APPD Market Report Article


May 31, 2022


AUD 1,498


Retail trade growth remains elevated since the last lockdown

  • Victoria’s recorded q-o-q total retail trade growth of 6.0% in February compared to 10.1% in December 2021, indicating a moderation in retail activity from the high levels in the previous quarter. Post-lockdown discretionary spending has been strong in department stores, and cafes, restaurants, and takeaway food, recording monthly growth of 10.9% and 17.7% m-o-m respectively.
  • Retail leasing activity remained soft due to lockdown disruption in Victoria in 1Q22. The majority of the leasing demand is being driven by national brands while leasing demand remains weak from independent retailers.

Minimal new supply in Victoria

  • Only one development was delivered in 1Q22. This was the Richmond Quarter development which comprised of 7,400 sqm. The remaining supply pipeline for 2022 is currently minimal, with only two more projects expected to be completed.
  • Melbourne retail completions are set to increase 76% in 2023 but is still currently projected to remain significantly below historical completion level up to 2025. Retail landlords are still continually focused on the refurbishment or redevelopment of existing assets rather than creating new retail space.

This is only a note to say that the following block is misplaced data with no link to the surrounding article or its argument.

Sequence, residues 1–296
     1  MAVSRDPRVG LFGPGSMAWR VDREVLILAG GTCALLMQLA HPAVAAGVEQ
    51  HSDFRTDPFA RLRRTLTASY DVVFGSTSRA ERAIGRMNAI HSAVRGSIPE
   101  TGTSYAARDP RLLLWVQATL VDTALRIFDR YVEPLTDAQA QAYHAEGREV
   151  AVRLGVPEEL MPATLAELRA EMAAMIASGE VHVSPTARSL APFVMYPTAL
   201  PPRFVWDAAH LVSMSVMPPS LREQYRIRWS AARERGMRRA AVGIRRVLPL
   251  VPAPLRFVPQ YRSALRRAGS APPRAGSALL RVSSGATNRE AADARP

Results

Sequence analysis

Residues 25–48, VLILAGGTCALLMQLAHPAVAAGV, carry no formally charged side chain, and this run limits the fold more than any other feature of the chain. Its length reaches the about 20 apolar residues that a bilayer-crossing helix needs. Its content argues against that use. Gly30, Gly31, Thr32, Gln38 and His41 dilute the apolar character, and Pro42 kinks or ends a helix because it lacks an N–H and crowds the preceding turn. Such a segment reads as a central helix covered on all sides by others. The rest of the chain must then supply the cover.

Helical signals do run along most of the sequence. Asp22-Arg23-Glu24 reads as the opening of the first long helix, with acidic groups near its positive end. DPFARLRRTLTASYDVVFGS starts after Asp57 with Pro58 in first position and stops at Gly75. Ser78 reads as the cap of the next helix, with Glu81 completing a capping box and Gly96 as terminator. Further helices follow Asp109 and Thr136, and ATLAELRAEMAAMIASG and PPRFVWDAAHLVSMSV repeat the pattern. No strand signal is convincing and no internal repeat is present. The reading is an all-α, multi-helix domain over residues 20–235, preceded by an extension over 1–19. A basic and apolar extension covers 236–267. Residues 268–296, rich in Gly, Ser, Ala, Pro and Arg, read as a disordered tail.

Melbourne retail yields remained stable in 1Q22

  • The investment market remained stable during 1Q22 with the average yield unchanged across all sub-sector. However, sub-regional centres recorded 25 basis points of compression at both the upper and lower end of the range, being the only sub-sector to record any yield movement over the quarter.
  • Gross rents have begun to stabilise across the regional (-0.3% q-o-q), sub-regional (0.1% q-o-q), large format retail (0.1% q-o-q) sub-sectors in 1Q22 after consecutive quarters of declining. Both neighbourhood and CBD rents were under downward pressure this quarter, recording declines of -1.0% q-o-q and -3.5% q-o-q, respectively.

Outlook: Elevated inflation creating uncertainty for investors

  • The reduction of government stimulus in 2022, ongoing supply chain disruptions and higher inflation has increased uncertainty for investors and retailers. Additionally, the Commercial Leasing Code of Conduct mandating rent relief and eviction protections, ended in 1Q22.
  • Continuous supply chain disruptions caused by the ongoing pandemic and current geopolitical tension is expected to keep inflation elevated through the rest of 2022. These inflation pressures will potentially drive higher interest rates, which would likely have a negative impact on retail spending and investor confidence.

Note: Melbourne Retail refers to Melbourne's overall retail market.

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